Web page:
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Should Utah’s flag change? Some residents seem to think so

Posted at 6:10 PM, Dec 10, 2018
and last updated 2018-12-10 22:23:22-05

SALT LAKE CITY -- Apparently, Utah’s flag is an S-O-B, according to our partners at The Salt Lake Tribune.

“Utah's flag is what vexillologists call an SOB. It's a seal on a bedsheet,” said Salt Lake Tribune Government Reporter, Benjamin Wood.

In vexillology, which is the study of flags, there are five basic principles of good design. Simplicity, meaningful symbolism, limited use of colors, no lettering or seals, and distinction from other flags. Utah’s flag violates them all.

“It's very cluttered. It's very hard to distinguish its symbology and imagery from high up on a flagpole. It uses too many colors, uses lettering, numbers and words,” said Wood.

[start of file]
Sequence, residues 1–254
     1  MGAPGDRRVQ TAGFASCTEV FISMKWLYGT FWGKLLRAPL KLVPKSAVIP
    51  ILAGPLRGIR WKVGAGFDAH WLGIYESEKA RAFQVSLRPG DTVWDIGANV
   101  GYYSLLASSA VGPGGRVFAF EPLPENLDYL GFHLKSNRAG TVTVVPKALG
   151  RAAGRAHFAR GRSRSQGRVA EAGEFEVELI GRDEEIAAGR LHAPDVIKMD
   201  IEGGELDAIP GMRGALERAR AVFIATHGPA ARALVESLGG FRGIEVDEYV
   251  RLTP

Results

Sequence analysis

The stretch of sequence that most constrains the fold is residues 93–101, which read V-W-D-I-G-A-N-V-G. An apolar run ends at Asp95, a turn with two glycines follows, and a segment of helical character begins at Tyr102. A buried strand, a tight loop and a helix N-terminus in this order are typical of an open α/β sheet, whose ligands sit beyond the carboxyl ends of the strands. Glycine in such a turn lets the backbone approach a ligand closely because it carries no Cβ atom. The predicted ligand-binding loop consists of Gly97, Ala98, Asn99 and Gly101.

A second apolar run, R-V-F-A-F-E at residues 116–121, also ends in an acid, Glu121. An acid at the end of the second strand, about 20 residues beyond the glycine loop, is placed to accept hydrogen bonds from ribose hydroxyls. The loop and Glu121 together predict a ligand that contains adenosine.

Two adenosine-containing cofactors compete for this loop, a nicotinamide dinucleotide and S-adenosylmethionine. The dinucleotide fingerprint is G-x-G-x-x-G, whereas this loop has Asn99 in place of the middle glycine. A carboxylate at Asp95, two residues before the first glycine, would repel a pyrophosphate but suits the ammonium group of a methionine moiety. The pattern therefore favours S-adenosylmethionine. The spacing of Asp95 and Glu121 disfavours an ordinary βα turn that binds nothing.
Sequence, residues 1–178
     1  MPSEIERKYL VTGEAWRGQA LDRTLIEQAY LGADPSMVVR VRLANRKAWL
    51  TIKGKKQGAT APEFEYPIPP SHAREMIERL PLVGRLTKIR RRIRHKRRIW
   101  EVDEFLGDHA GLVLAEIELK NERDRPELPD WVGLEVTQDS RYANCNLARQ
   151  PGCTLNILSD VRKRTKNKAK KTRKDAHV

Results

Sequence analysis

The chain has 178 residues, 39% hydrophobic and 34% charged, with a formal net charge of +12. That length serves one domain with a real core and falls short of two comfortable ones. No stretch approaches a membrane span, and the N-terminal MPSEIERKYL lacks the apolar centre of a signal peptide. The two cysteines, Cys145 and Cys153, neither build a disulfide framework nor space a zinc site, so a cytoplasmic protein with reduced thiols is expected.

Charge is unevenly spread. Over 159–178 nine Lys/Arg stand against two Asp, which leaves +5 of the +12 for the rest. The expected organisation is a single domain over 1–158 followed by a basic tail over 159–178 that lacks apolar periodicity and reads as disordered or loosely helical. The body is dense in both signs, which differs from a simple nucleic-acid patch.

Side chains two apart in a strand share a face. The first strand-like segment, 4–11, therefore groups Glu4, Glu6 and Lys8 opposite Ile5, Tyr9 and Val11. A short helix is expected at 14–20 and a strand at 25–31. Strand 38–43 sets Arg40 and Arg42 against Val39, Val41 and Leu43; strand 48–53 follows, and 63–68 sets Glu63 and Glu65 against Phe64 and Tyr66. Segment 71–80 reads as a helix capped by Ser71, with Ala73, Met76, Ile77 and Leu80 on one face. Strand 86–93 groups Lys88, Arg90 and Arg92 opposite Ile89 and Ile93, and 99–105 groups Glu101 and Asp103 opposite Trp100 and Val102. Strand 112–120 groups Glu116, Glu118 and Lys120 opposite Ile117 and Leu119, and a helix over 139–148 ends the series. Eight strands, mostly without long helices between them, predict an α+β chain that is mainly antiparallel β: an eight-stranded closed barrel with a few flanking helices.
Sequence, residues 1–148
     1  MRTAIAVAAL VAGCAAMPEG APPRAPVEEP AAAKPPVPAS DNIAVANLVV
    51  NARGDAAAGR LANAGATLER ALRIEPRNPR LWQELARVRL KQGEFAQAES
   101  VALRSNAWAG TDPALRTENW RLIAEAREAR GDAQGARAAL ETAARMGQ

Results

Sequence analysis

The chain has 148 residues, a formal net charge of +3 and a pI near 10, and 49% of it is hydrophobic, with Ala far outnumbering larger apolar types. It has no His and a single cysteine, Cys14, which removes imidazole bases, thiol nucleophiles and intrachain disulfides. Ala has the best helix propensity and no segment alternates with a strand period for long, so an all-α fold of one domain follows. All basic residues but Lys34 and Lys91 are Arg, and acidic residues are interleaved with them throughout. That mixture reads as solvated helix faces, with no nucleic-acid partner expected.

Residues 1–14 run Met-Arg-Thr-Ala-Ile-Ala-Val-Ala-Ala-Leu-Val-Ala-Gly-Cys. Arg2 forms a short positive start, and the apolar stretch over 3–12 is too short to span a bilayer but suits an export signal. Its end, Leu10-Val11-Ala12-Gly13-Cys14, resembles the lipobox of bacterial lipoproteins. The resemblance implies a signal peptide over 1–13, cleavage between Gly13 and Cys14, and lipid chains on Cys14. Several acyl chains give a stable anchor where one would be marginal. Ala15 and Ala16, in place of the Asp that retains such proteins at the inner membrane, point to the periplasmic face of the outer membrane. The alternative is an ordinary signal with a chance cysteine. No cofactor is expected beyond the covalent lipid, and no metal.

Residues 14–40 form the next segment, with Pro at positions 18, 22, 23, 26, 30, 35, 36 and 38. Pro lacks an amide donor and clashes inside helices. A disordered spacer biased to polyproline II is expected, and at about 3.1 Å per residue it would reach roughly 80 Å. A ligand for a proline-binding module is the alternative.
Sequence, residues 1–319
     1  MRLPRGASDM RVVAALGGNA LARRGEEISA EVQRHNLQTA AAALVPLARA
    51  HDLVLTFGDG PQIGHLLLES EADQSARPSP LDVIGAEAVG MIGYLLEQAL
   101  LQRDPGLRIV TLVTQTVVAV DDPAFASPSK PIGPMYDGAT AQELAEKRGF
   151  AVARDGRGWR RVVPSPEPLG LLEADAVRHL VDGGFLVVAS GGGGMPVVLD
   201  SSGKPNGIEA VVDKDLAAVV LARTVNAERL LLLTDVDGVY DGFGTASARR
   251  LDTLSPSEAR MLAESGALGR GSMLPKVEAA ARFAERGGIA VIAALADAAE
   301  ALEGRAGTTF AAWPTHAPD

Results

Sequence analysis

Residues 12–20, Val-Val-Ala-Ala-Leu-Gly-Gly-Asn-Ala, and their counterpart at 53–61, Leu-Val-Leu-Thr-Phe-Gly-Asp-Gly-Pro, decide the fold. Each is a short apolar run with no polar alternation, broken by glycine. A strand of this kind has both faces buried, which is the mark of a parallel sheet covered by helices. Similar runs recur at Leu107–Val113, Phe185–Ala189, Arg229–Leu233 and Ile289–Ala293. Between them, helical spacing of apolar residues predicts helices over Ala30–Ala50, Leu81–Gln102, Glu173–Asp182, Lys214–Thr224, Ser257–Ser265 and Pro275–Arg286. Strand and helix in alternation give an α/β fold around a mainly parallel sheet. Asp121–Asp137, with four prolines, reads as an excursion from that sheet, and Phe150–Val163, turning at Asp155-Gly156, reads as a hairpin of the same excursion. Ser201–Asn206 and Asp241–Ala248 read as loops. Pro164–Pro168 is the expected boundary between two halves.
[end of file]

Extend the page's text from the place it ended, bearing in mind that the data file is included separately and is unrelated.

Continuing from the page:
When it comes to good examples we just need to look to our neighbors.

“We actually are surrounded by good flags in Colorado, Arizona, and New Mexico. These are flags where they’re unlike other flags in the country. They have a limited use of color and a good clean modern design,” said Wood.

Representative Stephen Handy of Layton is hoping to address the flag's shortcomings this legislative session.

“He's looking at creating a review commission. They would look at the state flag and solicit feedback from the public and potentially recommend a change depending on how things go,” said Wood.

Salt Lake City is doing the same. Mayor Jackie Biskupski launched a survey a few weeks ago asking people to send in their opinions and ideas for a new design of its flag.

“We’re seeing a little bit of a flag fever starting in the state,” said Wood.

The question is, do Utahns really care?

“People kind of fall into two camps on this issue. Either they’re familiar with flag design and believe change is needed or they do not see why this is something we should be wasting our time talking about,” said Wood.

If representative Handy's commission is approved this legislative session, they would meet over the summer and make a recommendation to the legislature by 2020.

To learn more, read Wood’s story in the Salt Lake Tribune here.